“As the exemptions have gone up, less people have needed it, so it’s not as beneficial as it once was,” continues Cochran. “I still do them for the right clients, but I do want people to think really carefully before giving up their house.”
COME RAIN OR SHINE
“Tell them it’s kind of like carrying an umbrella, that if you are carrying an umbrella it’s not going to rain,” says Cochran of drafting a will. “[Writing a will] doesn’t mean anything is going to happen, you’re just making it easier on your family.”
“If you tell someone, ‘Look, if you have a kid and you don’t have a will, the court is going to appoint someone to take care of your assets, and you’re going to pay them an annual fee, plus you have to file an accounting with the court and there’s an annual fee for that, so you’re going to be wasting a lot of money,’ that’s motivation to do a will,” echoes Donald Manning of Manning & Murray.
If an individual without children dies without a will, Virginia’s estate plan deems assets go to the deceased’s closest living relative, but it’s a different ball game for people with children.
“It’s not like the child will go to Child Protective Services,” says Cochran of a situation in which a couple with young children dies without a will. “The problem would be if you hated your [child’s grandparents] and you didn’t want them to be the guardian, you wanted it to be your next door neighbor, your parents are going to be the guardian if they want to be.”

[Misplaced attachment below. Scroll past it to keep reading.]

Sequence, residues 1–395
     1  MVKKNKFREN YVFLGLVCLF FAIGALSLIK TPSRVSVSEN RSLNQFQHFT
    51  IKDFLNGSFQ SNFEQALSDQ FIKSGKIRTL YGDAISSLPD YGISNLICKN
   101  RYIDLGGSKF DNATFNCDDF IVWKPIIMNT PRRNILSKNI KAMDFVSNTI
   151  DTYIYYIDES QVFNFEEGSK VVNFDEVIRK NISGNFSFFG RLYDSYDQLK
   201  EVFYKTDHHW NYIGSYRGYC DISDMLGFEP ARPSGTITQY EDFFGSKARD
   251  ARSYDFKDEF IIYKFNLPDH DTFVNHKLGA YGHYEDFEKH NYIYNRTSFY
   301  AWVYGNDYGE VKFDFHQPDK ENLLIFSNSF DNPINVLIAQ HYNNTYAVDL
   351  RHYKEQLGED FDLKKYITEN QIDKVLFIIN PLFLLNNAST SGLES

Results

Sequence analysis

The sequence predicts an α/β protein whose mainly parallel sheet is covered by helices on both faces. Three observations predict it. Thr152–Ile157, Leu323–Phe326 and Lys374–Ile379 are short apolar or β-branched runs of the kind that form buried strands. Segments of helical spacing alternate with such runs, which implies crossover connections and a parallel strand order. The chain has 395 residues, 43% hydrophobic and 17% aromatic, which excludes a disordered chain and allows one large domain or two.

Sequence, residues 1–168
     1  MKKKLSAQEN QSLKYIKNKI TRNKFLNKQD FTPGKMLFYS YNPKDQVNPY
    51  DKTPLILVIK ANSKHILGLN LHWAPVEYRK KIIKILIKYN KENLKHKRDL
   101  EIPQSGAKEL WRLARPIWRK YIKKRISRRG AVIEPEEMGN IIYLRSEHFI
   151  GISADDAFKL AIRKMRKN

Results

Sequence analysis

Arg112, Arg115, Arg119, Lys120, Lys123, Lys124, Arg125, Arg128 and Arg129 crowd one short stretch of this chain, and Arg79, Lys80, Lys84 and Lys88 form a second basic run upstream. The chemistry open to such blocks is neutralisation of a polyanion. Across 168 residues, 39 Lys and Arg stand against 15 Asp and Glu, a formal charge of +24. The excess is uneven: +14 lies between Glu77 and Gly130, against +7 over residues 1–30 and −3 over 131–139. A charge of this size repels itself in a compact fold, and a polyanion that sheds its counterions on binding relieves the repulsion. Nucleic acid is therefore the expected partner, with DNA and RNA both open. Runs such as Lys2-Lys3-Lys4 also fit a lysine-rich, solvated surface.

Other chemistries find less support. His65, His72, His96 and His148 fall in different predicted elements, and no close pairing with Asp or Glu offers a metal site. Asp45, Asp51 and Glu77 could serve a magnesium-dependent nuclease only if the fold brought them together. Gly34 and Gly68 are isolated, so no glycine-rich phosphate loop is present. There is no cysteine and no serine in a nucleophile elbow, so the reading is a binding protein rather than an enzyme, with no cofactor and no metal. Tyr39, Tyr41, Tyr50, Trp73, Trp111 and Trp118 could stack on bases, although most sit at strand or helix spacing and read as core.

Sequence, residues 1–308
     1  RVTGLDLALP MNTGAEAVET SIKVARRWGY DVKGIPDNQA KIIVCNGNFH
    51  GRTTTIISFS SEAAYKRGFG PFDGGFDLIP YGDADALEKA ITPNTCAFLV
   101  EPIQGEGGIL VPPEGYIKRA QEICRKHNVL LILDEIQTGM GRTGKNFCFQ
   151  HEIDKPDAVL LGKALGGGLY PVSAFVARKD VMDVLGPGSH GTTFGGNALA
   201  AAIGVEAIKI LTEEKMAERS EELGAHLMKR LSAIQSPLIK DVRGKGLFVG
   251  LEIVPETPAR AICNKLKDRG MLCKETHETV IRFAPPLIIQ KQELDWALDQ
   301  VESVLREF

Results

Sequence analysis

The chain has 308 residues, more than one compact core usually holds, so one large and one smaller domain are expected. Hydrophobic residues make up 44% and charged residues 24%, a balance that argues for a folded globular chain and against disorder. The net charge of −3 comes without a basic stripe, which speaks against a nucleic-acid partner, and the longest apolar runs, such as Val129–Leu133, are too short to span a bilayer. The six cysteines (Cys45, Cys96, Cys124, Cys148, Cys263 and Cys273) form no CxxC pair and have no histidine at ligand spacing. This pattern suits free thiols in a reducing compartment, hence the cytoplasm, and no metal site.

“If you don’t name a guardian, there could be a fight within the family,” Manning points out. “The husband’s family may say they want to be guardian, the wife’s family may say they want to be guardian, and they have to duke it out and have a court make that decision.”
Further, with a will, everything is subject to probate, “the process of changing titles to assets” through the courts, and can also be made public, leaving beneficiaries subject to fees, fraudsters and scammers, says Friedman. Also, a will provides that beneficiaries receive everything to be passed down to them at 18, though parents can have more control over when their beneficiaries inherit by creating a trust.
“If you have young kids, I think a trust is always the best way to go,” Manning goes on. “It makes no sense to say to a 21 year old who’s still in college, ‘Here’s several hundred thousand dollars. Use it wisely,’ and it seems to me you want to give someone a chance to get on their feet a bit before you give them a bunch of money. If you give someone who’s 24 or 25 a bunch of money, it could be a disincentive to not be serious about their work, or if their relationship doesn’t work out, that money could disappear.”
“Generally, we leave everything in lifetime trusts for clients’ kids, and the advantage to the kid would be if they ever got married and divorced, if it’s in their trust, their spouse doesn’t have access to it. If they ever got sued, it gives them some asset protection,” says Cochran.
Come what may, Manning recommends individuals write a will once they have a child and update it every five to 10 years as guardians change, while those over 65 revisit their will at least once every five years. Doing so isn’t tempting fate, but ensuring your assets get to who you want, when you want them to.